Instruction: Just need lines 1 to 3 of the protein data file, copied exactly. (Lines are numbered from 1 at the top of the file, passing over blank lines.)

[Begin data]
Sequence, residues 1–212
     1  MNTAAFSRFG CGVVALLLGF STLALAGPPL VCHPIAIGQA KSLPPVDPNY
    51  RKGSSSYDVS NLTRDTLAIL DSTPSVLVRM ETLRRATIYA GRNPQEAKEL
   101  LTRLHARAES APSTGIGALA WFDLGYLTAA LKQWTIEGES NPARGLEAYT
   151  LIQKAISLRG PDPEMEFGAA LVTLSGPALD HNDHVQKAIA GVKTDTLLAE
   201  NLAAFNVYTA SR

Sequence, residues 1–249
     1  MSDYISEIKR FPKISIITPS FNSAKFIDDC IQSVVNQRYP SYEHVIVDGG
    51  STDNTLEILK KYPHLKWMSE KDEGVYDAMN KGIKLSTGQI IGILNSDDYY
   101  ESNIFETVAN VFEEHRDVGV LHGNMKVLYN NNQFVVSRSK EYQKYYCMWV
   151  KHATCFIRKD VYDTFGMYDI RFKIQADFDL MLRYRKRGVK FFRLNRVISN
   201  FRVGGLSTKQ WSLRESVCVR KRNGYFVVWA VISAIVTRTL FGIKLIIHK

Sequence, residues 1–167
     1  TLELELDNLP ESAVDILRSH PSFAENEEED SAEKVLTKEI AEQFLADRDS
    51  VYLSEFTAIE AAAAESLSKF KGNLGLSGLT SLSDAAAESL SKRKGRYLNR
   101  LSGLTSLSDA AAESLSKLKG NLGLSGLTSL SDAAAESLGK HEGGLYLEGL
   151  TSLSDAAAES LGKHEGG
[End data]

Sequence, residues 1–212
     1  MNTAAFSRFG CGVVALLLGF STLALAGPPL VCHPIAIGQA KSLPPVDPNY
    51  RKGSSSYDVS NLTRDTLAIL DSTPSVLVRM ETLRRATIYA GRNPQEAKEL